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Impedance etc


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#31 gilmour

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Posted 24 July 2008 - 12:12 AM

View Postbass_ferret, on Jul 24 2008, 01:05 AM, said:

Alex Clabers first rule:
You can use any power ouput amp with any power handling cab. If any of these combinations makes bad sounds then turn down and/or stop cranking the bass EQ excessively or damage may occur

and it's a great rule, and easy to follow, although for some reason we all get obssesed by the numbers.

#32 Merton

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Posted 24 July 2008 - 07:45 AM

View Postgilmour, on Jul 24 2008, 01:12 AM, said:

and it's a great rule, and easy to follow, although for some reason we all get obssesed by the numbers.
a big plus 1.
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#33 sixshooter

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Posted 18 August 2008 - 03:05 PM

Some very interesting thoughts on this thread:

I will keep this simple because there is no need to complicate this unless you are building your own system.

Matching Power

OK, the Amp can be seen like a car engine in that it supplies power, and your speaker like the clutch brakes and tyres delivering the power to the road. If you put a bigger engine in it will work, but your clutch will fail much quicker if you use all the power and the tyres and brakes will fade and you will be replacing parts much sooner than you would like!

The same is true for the amp and speaker, drive the speaker past its limits and you will be replacing the speaker a lot sooner, so rule of thumb is make sure your speakers can take all that the amp can give plus a bit more.

Now if you put a smaller engine in the car again it will work but perfomance will be sluggish.

Using a speaker that needs a lot more power to drive it than is being supplied and it will not reach its optimal range, but it will work.

Matching Impedance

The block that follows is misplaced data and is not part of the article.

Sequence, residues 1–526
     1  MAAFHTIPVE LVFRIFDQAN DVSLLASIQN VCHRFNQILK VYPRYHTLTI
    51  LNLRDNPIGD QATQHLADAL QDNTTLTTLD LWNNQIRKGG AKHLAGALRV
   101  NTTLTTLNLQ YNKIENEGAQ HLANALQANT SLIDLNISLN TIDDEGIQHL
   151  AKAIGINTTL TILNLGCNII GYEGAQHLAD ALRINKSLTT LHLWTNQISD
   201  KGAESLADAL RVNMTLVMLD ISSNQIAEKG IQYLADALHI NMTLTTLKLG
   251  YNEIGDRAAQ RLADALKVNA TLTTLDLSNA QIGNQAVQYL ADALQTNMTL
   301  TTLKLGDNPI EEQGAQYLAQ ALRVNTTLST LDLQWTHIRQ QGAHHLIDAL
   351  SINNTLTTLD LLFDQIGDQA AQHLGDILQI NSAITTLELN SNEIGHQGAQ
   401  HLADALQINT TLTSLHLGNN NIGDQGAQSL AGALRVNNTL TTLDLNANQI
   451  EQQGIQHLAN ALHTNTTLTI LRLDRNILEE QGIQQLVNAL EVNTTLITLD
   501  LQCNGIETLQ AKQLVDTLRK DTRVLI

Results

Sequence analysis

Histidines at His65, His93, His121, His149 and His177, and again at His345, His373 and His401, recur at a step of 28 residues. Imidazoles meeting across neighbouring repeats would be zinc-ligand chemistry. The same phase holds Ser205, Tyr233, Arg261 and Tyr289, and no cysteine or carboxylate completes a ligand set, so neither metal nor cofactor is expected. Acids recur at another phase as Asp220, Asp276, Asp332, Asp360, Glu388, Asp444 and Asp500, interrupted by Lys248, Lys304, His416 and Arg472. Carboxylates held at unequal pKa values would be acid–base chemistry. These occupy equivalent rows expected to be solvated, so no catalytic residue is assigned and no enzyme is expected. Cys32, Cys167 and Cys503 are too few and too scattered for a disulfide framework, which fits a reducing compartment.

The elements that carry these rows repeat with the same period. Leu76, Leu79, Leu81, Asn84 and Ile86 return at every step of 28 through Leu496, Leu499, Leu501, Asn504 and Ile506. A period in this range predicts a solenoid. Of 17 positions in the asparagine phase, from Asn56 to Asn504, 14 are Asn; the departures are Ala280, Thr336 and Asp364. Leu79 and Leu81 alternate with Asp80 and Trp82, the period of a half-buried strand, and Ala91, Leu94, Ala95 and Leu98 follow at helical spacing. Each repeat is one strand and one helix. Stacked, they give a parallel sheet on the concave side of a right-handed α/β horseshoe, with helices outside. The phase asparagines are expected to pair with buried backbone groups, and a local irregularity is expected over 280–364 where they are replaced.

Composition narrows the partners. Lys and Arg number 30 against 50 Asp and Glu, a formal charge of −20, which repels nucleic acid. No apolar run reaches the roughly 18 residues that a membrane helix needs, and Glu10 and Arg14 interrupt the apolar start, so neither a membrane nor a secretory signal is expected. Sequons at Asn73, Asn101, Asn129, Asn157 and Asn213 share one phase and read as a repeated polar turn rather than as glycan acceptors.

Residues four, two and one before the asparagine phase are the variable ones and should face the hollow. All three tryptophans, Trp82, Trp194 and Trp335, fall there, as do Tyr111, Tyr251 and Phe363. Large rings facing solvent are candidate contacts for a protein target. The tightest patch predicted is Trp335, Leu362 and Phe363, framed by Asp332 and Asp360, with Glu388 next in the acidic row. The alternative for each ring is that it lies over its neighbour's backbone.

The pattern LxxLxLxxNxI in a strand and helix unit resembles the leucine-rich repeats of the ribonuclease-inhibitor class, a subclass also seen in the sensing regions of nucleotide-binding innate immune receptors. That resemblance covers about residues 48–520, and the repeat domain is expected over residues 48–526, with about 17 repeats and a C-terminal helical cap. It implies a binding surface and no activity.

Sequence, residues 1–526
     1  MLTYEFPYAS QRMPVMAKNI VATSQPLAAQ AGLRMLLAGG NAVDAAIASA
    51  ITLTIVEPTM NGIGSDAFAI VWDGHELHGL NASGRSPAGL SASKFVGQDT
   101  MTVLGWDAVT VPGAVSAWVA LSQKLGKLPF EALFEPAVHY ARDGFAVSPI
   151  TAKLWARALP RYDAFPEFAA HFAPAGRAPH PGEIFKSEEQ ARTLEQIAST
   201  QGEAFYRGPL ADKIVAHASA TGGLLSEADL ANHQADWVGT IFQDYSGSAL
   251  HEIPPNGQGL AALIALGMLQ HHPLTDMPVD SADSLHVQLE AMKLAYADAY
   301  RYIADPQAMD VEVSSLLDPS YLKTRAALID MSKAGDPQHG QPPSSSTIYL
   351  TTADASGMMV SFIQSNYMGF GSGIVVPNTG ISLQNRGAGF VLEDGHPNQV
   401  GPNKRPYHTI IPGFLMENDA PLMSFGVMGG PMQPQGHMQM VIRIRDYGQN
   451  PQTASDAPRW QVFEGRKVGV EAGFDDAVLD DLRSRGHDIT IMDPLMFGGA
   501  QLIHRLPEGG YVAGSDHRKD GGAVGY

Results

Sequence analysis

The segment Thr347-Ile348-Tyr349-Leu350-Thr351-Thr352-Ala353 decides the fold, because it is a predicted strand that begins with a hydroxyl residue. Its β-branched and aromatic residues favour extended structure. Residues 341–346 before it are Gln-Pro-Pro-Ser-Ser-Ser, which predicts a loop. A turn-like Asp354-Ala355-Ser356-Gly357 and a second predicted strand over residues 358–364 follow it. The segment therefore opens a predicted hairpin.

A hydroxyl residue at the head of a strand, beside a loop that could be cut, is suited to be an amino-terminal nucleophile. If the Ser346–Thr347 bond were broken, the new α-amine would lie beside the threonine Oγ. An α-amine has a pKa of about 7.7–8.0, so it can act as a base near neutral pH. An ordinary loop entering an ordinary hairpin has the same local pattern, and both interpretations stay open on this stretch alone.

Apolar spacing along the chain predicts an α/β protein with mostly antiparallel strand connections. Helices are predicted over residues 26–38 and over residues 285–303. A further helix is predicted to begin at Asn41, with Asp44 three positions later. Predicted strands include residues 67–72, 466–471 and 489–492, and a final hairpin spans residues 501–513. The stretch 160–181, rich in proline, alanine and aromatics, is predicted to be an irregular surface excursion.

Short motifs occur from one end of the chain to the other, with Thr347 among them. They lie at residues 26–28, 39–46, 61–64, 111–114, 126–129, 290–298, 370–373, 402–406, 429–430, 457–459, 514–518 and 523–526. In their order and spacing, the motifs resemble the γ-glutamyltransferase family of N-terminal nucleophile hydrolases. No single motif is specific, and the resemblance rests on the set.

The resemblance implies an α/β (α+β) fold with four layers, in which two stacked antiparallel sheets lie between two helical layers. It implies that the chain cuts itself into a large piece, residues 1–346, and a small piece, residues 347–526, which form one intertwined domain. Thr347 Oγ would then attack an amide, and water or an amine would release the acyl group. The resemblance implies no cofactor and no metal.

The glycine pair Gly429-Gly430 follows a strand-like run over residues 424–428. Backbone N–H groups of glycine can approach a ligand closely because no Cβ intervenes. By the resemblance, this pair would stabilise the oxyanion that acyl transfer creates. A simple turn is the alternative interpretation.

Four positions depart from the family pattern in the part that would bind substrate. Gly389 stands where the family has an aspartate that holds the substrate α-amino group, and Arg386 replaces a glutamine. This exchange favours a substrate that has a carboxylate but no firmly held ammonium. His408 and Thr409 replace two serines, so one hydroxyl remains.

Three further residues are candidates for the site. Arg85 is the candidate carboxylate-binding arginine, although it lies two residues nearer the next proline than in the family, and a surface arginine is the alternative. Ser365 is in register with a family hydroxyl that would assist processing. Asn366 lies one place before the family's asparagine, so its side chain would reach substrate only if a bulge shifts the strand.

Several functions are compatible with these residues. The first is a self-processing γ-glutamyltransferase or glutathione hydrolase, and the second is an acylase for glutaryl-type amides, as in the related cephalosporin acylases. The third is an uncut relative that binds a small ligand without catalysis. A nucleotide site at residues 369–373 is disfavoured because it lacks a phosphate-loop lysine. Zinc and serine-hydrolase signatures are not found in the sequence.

If you are running multiple speakers make sure that they are of the same impeadence (ohm's), if not your sound will not be equally divided, (ie one will be louder than the other), as the power will be split based on the resistance that each speaker gives, and if they are different then the output of each speaker will be different.

If the speakers are the same ohms ie 8ohms and 8ohms = 4ohms then the power, (watts) will be divided equally, so if your Amp says 500watts at 4ohms your lowest speaker should be rated greater than 250watts.

Volume Controls

How much output, (watts) being delivered to the speaker, (not to be confused by being generated by the amp) will depend on where the volume control is set, and there is no set relation to the number on the dial, (so just because it goes up to 11 does not mean that it is louder than one that goes up to 10, remember Spinal Tap).

So, bottom line is if your Amp is more powerfull than your speaker keep the volume down, and your speaker may just last out, (although I would not recomend this as a long term arrangement).

I am sure that this will generate a bit of further discussion as in this case fiction is greater than fact!
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#34 Merton

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Posted 18 August 2008 - 03:17 PM

View Postsixshooter, on Aug 18 2008, 04:05 PM, said:

OK, the Amp can be seen like a car engine in that it supplies power, and your speaker like the clutch brakes and tyres delivering the power to the road. If you put a bigger engine in it will work, but your clutch will fail much quicker if you use all the power and the tyres and brakes will fade and you will be replacing parts much sooner than you would like!

If the speakers are the same ohms ie 8ohms and 8ohms = 4ohms then the power, (watts) will be divided equally, so if your Amp says 500watts at 4ohms your lowest speaker should be rated greater than 250watts.
Hmmm.

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You can use any power ouput amp with any power handling cab. If any of these combinations makes bad sounds then turn down and/or stop cranking the bass EQ excessively or damage may occur

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#35 alexclaber

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Posted 18 August 2008 - 03:19 PM

View Postsixshooter, on Aug 18 2008, 04:05 PM, said:

Matching Power

OK, the Amp can be seen like a car engine in that it supplies power, and your speaker like the clutch brakes and tyres delivering the power to the road. If you put a bigger engine in it will work, but your clutch will fail much quicker if you use all the power and the tyres and brakes will fade and you will be replacing parts much sooner than you would like!

The same is true for the amp and speaker, drive the speaker past its limits and you will be replacing the speaker a lot sooner, so rule of thumb is make sure your speakers can take all that the amp can give plus a bit more.

Now if you put a smaller engine in the car again it will work but perfomance will be sluggish.

Using a speaker that needs a lot more power to drive it than is being supplied and it will not reach its optimal range, but it will work.

Although this analogy is full of holes it does make some sense given a bit of tweaking. If you take a normal car onto a race track and try to achieve consistently fast lap times then your brakes will give out, guaranteed. Take that car back on the road and those same brakes will be more than capable of decelerating the car as required for many thousands of miles, even if you like to drive fast.